18.11.2004 – 27.03.2005

Karim Rashid – I want to change the world

Digital production techniques in the music industry can be style-defining in design
Exhibition view, Karim Rashid – I want to change the world, 2004.
Photo: Rainer Viertlböck

About the Exhibition

Cairo-based Karim Rashid has made a name for himself on the club scene as a DJ, but he also plays a style-defining role in design. It is not primarily about the telegenic appearance of the New Yorker-by-choice as a pop star with stylish sunglasses, pink shirt, white dinner jacket and slogans ready to print, but about the emergence of a new contemporary pop style in design.

Just as a music studio can use digital technology to remix old songs, ‘sample’ stylistic elements and reissue cover versions of well-known songs, Rashid plays and composes with the stylistic elements of design modernism and consistently transforms them into an unmistakably unique and modern signature. The internationally acclaimed pop star relies on sophistication, intonation, color sense (mostly two-tone, like a street cruiser), Americanisms, clichés, modernisms and plenty of quotes from modern art, from the Op Art of Vasarely to catchy patterns from the graffiti subculture. With his lively, striking language of form and material, Rashid has been a trendsetter in the international design jet set for years. Rashid’s design and art is both loud and lyrical, artistic and tough, commercial and seductive, low and high and extremely successful in Europe, Asia and North America. International hotels, restaurant chains and over 60 furniture manufacturers rely on the zeitgeist and the digital and virtual pop art from the New York studio Rashid.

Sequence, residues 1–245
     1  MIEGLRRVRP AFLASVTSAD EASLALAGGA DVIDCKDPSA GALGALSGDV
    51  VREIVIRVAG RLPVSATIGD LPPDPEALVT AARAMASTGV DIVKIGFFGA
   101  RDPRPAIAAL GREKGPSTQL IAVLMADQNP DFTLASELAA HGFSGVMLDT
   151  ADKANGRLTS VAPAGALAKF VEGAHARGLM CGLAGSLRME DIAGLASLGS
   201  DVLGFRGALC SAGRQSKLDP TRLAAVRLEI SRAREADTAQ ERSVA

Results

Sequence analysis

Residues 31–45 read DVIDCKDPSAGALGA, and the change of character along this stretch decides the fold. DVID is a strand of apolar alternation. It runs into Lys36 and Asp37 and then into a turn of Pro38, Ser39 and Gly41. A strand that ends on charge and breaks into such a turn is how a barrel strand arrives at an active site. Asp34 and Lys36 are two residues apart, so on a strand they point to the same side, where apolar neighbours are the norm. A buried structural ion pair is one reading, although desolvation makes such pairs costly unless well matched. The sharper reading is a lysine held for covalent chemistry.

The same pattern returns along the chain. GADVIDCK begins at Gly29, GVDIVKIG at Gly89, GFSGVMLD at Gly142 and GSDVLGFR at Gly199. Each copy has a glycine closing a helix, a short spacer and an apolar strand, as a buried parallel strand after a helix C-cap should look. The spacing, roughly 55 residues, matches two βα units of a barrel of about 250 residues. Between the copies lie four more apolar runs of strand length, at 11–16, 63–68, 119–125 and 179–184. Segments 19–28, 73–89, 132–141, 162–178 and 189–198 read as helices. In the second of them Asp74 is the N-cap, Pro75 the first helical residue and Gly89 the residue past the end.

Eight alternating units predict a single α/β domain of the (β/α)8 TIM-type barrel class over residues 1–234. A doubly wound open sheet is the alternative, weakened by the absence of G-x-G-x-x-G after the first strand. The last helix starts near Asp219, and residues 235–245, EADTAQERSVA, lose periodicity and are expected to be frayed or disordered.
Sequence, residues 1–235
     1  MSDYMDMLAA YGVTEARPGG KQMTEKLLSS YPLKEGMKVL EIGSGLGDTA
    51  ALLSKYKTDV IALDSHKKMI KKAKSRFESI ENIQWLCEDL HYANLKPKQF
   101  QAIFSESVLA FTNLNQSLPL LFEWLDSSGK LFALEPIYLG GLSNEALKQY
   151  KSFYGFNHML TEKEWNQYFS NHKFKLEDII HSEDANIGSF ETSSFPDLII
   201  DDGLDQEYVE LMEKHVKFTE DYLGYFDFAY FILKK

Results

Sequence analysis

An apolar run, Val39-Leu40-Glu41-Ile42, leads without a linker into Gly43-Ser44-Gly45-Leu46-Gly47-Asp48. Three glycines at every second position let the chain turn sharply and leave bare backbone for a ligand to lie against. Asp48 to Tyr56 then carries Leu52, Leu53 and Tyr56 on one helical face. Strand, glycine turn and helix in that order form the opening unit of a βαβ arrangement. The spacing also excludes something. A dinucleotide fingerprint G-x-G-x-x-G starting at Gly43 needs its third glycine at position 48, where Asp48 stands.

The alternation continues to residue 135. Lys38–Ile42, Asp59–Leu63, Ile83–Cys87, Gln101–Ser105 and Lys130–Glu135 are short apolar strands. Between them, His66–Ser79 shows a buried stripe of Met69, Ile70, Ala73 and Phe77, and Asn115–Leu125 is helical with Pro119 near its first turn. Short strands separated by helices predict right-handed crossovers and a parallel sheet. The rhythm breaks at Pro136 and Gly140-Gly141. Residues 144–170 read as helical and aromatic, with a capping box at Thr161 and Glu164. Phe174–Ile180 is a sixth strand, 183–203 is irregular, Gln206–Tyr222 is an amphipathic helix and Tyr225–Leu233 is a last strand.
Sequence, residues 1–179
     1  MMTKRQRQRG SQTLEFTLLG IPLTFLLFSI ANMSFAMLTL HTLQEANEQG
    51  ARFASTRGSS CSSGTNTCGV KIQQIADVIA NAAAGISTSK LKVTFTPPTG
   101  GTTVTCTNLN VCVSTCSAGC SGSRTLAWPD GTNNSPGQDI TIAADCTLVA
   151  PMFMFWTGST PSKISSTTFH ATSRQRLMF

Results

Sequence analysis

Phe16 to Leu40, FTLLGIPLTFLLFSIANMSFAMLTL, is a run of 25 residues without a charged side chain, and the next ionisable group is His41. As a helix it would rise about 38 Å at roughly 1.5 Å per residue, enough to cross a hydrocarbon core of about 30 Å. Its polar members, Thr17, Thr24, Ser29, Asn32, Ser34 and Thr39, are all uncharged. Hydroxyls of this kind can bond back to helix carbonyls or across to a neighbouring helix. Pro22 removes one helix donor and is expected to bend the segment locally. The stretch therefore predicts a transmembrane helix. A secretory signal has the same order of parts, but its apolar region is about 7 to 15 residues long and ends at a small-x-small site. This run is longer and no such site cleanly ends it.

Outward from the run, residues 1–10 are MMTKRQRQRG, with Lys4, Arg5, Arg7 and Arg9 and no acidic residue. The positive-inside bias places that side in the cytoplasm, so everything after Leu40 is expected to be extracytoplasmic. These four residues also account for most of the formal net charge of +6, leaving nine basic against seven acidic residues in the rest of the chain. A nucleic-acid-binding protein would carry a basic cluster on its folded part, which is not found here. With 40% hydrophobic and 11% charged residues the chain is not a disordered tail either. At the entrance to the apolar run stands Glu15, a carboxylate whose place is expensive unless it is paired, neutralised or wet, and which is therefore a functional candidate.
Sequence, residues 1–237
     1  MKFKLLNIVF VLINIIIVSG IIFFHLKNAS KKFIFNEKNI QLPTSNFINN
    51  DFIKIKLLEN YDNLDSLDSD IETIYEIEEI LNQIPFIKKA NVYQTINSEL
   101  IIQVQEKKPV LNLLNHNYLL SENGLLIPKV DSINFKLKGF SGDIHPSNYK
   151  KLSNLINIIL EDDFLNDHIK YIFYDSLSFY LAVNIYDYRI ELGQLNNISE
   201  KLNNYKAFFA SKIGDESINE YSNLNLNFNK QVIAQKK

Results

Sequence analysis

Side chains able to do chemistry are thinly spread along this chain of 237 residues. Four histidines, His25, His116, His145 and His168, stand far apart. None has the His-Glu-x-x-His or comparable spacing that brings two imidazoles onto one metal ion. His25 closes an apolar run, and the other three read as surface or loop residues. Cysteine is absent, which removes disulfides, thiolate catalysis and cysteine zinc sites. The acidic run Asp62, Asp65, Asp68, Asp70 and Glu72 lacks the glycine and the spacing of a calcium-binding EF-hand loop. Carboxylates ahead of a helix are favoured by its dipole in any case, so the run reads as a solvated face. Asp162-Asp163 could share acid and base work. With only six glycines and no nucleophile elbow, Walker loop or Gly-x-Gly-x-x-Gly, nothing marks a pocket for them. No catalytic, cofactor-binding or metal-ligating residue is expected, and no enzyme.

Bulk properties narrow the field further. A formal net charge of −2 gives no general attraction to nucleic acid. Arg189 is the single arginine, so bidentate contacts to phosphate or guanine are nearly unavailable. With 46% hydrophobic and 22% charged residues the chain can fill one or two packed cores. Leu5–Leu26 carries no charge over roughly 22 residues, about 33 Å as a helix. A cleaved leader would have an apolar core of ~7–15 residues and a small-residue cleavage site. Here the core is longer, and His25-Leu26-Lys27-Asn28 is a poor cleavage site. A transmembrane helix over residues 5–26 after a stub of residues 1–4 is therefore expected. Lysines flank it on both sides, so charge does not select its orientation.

The secret of his work probably lies in the fact that the boundaries between art and design are blurred.
Rashid’s shapes and colors are so cleverly layered that an object can be perceived as both art and furniture.This principle turns the interiors of hotels, restaurants and showrooms into emotionally tangible works of art and the epitome of the contemporary.

Mies van der Rohe had already soberly stated in the 1930s: The new age is a fact.
The fact today is the then unforeseeable omnipotence of the digital in culture, which will irrevocably redefine architecture, art and design. “In creation and production, the digital overrides what has gone before,” comments Florian Hufnagl, Director of Die Neue Sammlung, on the development in modern design. In his opinion, Karim Rashid is one of the pioneers who consistently use the potential of digitally generated form and ornamentation in design, from perfume bottles to seating landscapes, from designer glass to fashion accessories.

Rashid’s design world thus appears to consumers like a daydream in which the boundaries between the real and the virtual blur imperceptibly.
Seemingly weightless, pop colors and 60s nostalgia merge with the contemporary. What initially appears on the screen in semi-transparent views is the material from which Rashid’s furniture, accessories and interiors are created. Die Neue Sammlung is dedicating its first European museum exhibition to Rashid’s simulations of dream and reality.

The exhibition, curated by Albrecht Bangert and supported by Lancaster Group GmbH Germany, marks the start of the new CHANGE series: under the concept of change, Die Neue Sammlung is presenting a series of exhibitions in its rooms in the Pinakothek der Moderne in loose succession featuring designers or themes that exemplify the current paradigm shift in design. Karim Rashid is one of the protagonists of this new direction.


Exhibition View Karim Rashid – I want to change the world, 2004
Photo: Rainer Viertlböck
Exhibition view, Karim Rashid – I want to change the world, 2004.
Photo: Rainer Viertlböck

The catalogue “Karim Rashid – Change” also contains numerous views of the exhibition staging.

Curated by:

Albrecht Bangert

Supported by:

Lancaster Group